On day ten, if we’re up for it, we can head up to Khare. If not, we can rest in Dig Kharka instead. Heading to Khare, we’ll trek through the valley floor with glaciers and lakes gleaming close by. Once at camp, we can relax for the day.

Days eleven and twelve are critical acclimatization days in Khare. We can climb a nearby hill for some breathtaking views of Mera Peak and the massive glaciers rolling off its ridges. After this awesomeness, we’ll relax in Khare. The next day, we will practice using some of our equipment and go through mountaineering scenarios. Once we all feel comfortable, it’s time to relax.

On day thirteen, we’ll head for Mera Base Camp (17,388ft)! Once there, we’ll trek up to Mera Glacier. Don’t let the easy start fool you­ things get technical quickly and we’ll need to use our crampons and watch for falling rock. This is great mountaineering practice, and the hard work pays off with amazing views.

It’s day fourteen and we hope you’re ready to ascend Mera Peak! Today, we’ll climb to High Camp (19,029ft), crossing the glacier we traversed yesterday. The mild slopes give way to more rocky sections, and a few crevasses. Be sure to look behind you: absolutely stunning views of Everest, Makalu, Nuptse, and Lhotse will leave you speechless. We will sleep at High Camp, which is adjacent to steep dropoffs. It’s time to rehydrate and rest!

Day fifteen is Mera Peak summit day! We will push to leave camp at 2 a.m. for a six­hour climb to the summit. Much of our schedule here depends on weather conditions, but assuming all is well, we’ll cross the glacier once again before splitting two ridges. Mera technically has three summits, and our goal is the highest one. The last bit becomes increasingly difficult, but once we pop out at the summit, it is absolutely worth it, and the memory of standing here will never be forgotten. We’ll take photos before heading back to High Camp for a 45­minute break, and then back down to Hinku Valley.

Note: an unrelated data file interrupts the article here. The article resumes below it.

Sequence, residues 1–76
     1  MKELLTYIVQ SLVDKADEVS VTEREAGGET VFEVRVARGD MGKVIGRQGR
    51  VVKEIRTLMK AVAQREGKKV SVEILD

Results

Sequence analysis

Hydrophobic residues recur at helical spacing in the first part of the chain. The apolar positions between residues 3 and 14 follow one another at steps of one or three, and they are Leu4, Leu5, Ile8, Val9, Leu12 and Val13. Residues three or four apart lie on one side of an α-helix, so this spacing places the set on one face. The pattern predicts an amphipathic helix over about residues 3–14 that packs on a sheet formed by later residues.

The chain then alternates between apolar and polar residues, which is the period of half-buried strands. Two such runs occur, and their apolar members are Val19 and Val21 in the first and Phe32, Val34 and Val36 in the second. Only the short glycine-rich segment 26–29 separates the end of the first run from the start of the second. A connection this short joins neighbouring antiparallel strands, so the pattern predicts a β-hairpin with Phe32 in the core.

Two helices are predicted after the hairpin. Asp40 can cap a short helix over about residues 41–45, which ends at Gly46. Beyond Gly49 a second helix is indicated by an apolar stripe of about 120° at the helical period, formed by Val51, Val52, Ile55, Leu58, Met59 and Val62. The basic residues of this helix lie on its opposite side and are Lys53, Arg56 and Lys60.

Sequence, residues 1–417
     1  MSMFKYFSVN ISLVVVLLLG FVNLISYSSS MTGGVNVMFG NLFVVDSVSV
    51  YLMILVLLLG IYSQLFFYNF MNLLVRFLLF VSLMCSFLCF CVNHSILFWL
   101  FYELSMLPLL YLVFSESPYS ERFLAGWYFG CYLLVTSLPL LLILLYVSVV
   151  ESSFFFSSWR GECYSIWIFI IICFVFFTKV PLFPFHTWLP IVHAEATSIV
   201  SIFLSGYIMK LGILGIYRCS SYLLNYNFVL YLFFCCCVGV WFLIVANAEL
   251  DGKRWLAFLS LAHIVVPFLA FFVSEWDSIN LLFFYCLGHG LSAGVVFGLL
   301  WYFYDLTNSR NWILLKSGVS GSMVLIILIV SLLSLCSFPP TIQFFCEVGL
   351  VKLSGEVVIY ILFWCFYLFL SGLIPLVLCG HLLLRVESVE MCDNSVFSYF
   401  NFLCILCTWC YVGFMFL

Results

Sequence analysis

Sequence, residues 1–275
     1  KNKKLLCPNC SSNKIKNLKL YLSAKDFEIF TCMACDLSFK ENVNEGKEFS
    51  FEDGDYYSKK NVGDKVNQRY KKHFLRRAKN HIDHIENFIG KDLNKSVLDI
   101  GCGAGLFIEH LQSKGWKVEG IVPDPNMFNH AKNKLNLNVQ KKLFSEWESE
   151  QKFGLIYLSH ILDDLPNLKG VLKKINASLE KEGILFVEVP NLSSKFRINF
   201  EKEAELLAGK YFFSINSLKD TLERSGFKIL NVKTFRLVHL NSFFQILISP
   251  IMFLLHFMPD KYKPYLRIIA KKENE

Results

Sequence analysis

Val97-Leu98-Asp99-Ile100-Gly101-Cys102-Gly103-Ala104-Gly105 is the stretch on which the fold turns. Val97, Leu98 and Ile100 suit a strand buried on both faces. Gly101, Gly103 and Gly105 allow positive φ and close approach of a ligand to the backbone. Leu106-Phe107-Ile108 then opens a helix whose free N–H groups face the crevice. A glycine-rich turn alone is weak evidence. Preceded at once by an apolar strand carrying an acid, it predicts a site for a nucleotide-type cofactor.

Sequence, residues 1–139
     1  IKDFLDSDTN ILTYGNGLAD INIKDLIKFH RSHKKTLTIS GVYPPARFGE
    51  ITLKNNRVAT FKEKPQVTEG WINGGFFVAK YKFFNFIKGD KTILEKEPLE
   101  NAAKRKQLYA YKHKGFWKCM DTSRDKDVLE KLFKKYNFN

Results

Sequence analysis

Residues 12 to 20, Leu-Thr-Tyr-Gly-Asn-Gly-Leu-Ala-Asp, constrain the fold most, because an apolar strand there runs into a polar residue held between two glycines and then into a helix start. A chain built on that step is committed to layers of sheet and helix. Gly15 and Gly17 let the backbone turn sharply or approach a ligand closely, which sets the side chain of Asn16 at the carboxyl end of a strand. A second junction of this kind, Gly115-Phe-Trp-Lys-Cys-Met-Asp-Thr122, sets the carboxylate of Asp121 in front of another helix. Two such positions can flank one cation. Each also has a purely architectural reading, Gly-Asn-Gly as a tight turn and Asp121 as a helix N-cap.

Day sixteen will have us continuing through the Hinku Valley, stopping for lunch under the shadow of Chamlang. We will follow the Hinku River until reaching our campsite, which can be chosen from a few locations in this region.

Day seventeen will be an early one, as head towards the end of the Hinku Valley. Ama Dablam will tower above us, and a commanding peak to begin with. We will pass beautiful glaciated lakes before reaching the end of the valley, which greets us with a remote and peaceful lake. Upon reaching the end of the valley, we’ll set up camp. This entire area is complete wilderness, and Everest looms only a few miles away.

Day eighteen is…you guessed it…another early start! After a 5 a.m. breakfast, we’ll cross some rocky ridges before a glacier greets us. We’ll strap on our crampons here and follow fixed lines up the steep climb to AmphuLapcha Pass. This is one of the more technical days of our trek; after we reach the top it’s a technical descent into Imja Valley. The land here is slippery and unpredictable. Stay on the fixed ropes before we reach the point where we can walk regularly. A three­hour walk brings us to camp at the end of Imja Glacier, with Island Peak welcoming us.

Days nineteen and twenty are rest days, arriving at Island Peak Base Camp on day nineteen and spending two nights here. We can elect to set up fixed rope and train, or just kick back and relax.

Day twent-y­one is the beginning of our second climb of this trek­ Island Peak! We will ascend to High Camp (18,000ft) over rocky terrain, steep dropoffs, and amazing views. Rehydrate and get some rest here, as tomorrow we’ll be starting early for our summit push.

Day twenty­-two is Island Peak summit day! Weather permitting, we’ll have a 1 a.m. start up a narrow and rocky ridge (scrambling involved) up to the base of a glacier. We’ll rope up and carefully cross the crevasses, and after the glacier, continue up steeply. This is a very tiring push, so pace yourself. The ice slope becomes increasingly steep before we reach the summit. Snap some photos of this amazing piece of earth before we start our long descent back to Chuckung.

Days twenty­-three and twenty­-four continue our retreat, first through Tengboche (where the monastery is) and then to Namche Bazaar. It’s time to celebrate!

Days twenty­-five through twenty­-eight consist of arriving in Lukla to fly back to Kathmandu. Feel free to explore before heading home. Safe travels! We’re sure the mighty Himalayas will lure you back soon.